The false button front looked like a traditional button-up shirt but with heavy duty Prym snaps concealed behind each regular button. The snaps were heavy duty and provided a secure closure without being bulky or even noticeable when the shirt was worn. Although it may take a little bit of practice, it would not take long to become proficient at accessing a concealed weapon. But, what I liked the most was the fact that you were not limited to carrying only as the designer envisioned. The Covert Button-up allows equal access to your weapon in a wide range of locations including shoulder holster, inside the waistband (whether the shirt is tucked or not), strong side, weak side, small of the back or even tucked deep in front. While it is easy to adjust your carry method to accommodate your clothing, and we have all done it, it is nice not to have to. I am a true believer in carrying in a manner that works best for you, and this shirt does not interfere with that practice.

The shirt wore well, and the design was especially useful in decreasing any printing by my firearm. I am not sure if the plaid print was selected for this purpose, but it does seem to play a large part in making it difficult to detect hidden items, even in the chest pockets. Even after a long day of wear, the shirt kept its shape and the extra-long tail did indeed remain tucked. Despite several washings, the shirt still retained its shape and the pockets continue to lay flat with all the closures aligned and functioning properly.

All in all, I would agree that the Propper Covert Button-up Long Sleeve Shirt both looks and feels like a quality casual shirt, while also providing you with the full tactical advantage you are seeking. I fully intend to add additional color options, as well as the matching short sleeve version, to my wardrobe. I would also recommend you consider it as part of your future daily wear selection.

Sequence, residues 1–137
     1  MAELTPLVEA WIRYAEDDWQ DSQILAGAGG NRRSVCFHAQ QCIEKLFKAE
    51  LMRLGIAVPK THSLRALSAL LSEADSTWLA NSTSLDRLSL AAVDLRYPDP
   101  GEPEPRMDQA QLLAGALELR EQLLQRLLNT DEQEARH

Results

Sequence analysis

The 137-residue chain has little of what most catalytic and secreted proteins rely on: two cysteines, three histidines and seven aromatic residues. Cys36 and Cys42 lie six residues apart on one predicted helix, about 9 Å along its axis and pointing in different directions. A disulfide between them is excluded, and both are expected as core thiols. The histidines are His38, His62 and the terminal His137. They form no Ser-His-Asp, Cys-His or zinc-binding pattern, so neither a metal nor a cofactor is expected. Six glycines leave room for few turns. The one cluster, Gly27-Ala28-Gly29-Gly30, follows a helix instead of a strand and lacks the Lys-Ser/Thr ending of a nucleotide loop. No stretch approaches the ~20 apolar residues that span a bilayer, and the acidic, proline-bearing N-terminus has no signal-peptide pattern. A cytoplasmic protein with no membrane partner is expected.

Disclaimer: The content in this article is the opinion of the writer and does not necessarily reflect the policies or opinions of US Patriot Tactical.

  • Front
    Hidden Snaps
    Hidden Pocket
  • Pocket
    Pocket Access
Tom Burrell

Tom Burrell

Tom enlisted in the US Marine Corps Reserves in 1987. Following service in Desert Storm, he transitioned to active duty with the US Coast Guard. In 1997 he left the USCG to pursue a position in conservation & maritime law enforcement. Tom is currently a Captain and he oversees several programs, including his agency investigation unit. He is also a training instructor in several areas including firearms, defensive tactics and first aid/CPR. In 2006 Tom received his Associate’s Degree in Criminal Justice from Harrisburg Area Community College and in 2010 a Bachelor’s Degree from Penn State University.
Tom Burrell
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Tom Burrell

Tom Burrell

Tom enlisted in the US Marine Corps Reserves in 1987. Following service in Desert Storm, he transitioned to active duty with the US Coast Guard. In 1997 he left the USCG to pursue a position in conservation & maritime law enforcement. Tom is currently a Captain and he oversees several programs, including his agency investigation unit. He is also a training instructor in several areas including firearms, defensive tactics and first aid/CPR. In 2006 Tom received his Associate’s Degree in Criminal Justice from Harrisburg Area Community College and in 2010 a Bachelor’s Degree from Penn State University.
Tom Burrell